YEP Letters: December 1
Check out today's YEP letters
People in Leeds are being urged to have their say on council plans to expand a part-time street-light switch-off scheme. Leeds City Council is responsible for 92000 street lights which consume approximately £4 million of electricity per year. Since 2013 around 4000 street lights in Leeds - around four per cent of the total - have been set for part-night operation saving £136k per year in energy costs. But now the cash-strapped council says it needs to find other ways to save money on street lights as part of a wider cost-cutting drive. We asked YEP readers for their views and here’s what some of them said on social media..
Instead of turning ALL the lights off on selected streets why don’t the council return to the situation that existed back in the 60s and 70s where, on most non main road routes, they switched off every other light?
This would still give some light on all streets thus eliminating the problems of completely dark streets and the concerns people have about them, whilst enabling the council to switch off nearly 50 per cent of the street lights thus saving much more than the current, and/or anticipated, savings.
Some of us have been living in the dark after midnight for a while now. It’s actually not as bad as it sounds though; the lights are still on in the residential areas and just off on the main roads where there are no houses.
I live on the edge of a village, there are only about 10 houses where I am, the council have alternate lights off. It’s actually nicer, no glaring light through the bedroom window. And you can see more stars. Doesn’t seem to have increased crime or accidents either.
Just change to a lower watt bulb as and when the street light bulbs needs changing. Either that or have more illuminated advert boards up and down the streets.
Or they could invest in low impact LED street lights powered by solar panels.
LED is the way to go, the cost savings on electricity are significant although the initial costs are significant. It’s a shame that Leeds decided to replace all the lampposts two years to soon but should have negotiated a change to LED during the last two years before all the lampposts were replaced.
Maybe if the cash-strapped Leeds Council stopped wasting so much cash on stupid projects then we could keep our lights on.
This will be a serious safety risk for everyone walking down dark streets.
Sharon Denise Whitaker
I’ll just buy myself a torch and apply for a council tax reduction!
Does that mean the council tax bill will be reduced?
No, thought not!
How can the council get away with it?
I’m from Leeds and moved in July to a village and there’s no street lights. There’s no trouble and I prefer it.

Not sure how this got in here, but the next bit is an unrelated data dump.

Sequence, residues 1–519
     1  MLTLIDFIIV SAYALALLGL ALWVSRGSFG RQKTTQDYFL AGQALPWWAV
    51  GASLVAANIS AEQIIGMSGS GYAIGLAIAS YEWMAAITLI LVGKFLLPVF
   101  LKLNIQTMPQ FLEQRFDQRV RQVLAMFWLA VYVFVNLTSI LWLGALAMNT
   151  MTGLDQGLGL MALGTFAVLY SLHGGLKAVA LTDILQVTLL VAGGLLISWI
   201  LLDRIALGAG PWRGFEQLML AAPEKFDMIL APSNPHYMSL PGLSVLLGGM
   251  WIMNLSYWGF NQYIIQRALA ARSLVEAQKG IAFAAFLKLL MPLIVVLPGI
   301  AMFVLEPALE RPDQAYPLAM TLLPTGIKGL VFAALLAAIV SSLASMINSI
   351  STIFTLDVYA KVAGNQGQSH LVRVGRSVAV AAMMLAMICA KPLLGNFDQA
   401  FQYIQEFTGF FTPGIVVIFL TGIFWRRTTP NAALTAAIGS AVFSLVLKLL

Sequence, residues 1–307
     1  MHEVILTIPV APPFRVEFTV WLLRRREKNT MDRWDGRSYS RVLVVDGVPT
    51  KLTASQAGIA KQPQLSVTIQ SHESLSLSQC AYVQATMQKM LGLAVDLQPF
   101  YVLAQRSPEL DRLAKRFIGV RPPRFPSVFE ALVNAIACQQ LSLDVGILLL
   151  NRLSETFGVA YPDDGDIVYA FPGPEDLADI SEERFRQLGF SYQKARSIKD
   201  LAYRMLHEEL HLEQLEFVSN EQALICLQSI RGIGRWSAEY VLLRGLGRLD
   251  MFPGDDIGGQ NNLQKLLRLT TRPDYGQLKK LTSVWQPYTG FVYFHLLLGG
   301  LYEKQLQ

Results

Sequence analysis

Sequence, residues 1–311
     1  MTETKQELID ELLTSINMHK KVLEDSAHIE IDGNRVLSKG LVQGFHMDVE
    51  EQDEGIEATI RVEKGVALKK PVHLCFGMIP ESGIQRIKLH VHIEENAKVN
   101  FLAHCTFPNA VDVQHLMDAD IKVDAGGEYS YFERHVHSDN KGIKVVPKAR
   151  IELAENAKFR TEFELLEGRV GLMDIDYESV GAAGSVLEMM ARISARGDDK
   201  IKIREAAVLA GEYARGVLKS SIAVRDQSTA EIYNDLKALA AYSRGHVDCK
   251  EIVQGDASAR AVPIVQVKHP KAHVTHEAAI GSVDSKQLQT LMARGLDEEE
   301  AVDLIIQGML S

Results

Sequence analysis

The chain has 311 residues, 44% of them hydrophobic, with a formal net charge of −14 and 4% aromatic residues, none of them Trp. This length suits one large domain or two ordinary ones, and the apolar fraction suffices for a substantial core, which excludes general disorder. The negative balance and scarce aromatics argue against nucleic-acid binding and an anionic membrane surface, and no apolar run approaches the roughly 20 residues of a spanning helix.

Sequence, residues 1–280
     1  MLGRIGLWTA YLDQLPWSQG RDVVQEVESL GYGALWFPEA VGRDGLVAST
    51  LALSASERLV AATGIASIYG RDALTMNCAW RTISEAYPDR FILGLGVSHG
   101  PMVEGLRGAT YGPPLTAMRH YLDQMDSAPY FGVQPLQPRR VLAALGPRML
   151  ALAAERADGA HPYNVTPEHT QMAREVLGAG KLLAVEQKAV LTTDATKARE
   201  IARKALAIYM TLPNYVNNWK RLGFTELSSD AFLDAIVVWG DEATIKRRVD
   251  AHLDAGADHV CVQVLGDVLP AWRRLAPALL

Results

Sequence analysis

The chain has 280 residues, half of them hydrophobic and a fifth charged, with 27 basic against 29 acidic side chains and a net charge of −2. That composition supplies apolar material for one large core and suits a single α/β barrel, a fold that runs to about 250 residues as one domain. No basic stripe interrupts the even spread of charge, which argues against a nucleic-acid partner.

What a good idea, what with no police on patrols and all the attacks going on every day and night, can you imagine the police asking for witnesses when it’s pitch black? How will that stand up in court?
Turn the lights off in the tunnels, especially during the day. Cars all have headlights, don’t need all these on as well..
So we save some pennies on the electricity bill until someone is attacked or killed because someone’s taken advantage of the dark. It’s hard enough to feel safe at night as it is.
They could save even more money by not switching Christmas lights on all over the city and not having fireworks and a bonfire at Roundhay.
Not a good idea at all, what are they thinking?
Crime will rise and more people will get away with it.
Must be another way to make money!
This is because the council have failed to meet pollution targets, reducing electric output to reduce the environmental impact whilst putting the safety of the Leeds community on the back burner.
They should have pedestrianised the city and built the tram line, invested in better cheaper public transport but no, they build more office blocks, more high-rise apartments meaning more traffic, more pollution.
In the winter months street lights are required to be switched on and in working order.
Surely a fundamental service requirement of why we are asked to pay our council taxes.
A very good idea as long as it’s thought through and implemented with both energy saving and safety in mind.
Ivan Joseph Blair
A better idea would be to switch to LED lamps (to reduce consumption) and fit shrouds/reflectors to reduce light pollution.
Would it be one in three lights off? Rather than a full black out? Surely this would be a better idea?
I think there’s a better way to save money just by switching off so many in the streets. Example, if there’s ten lights on in a street then switch off five of them and do this in all areas that way they have lights on but not as many, so this would save money all round.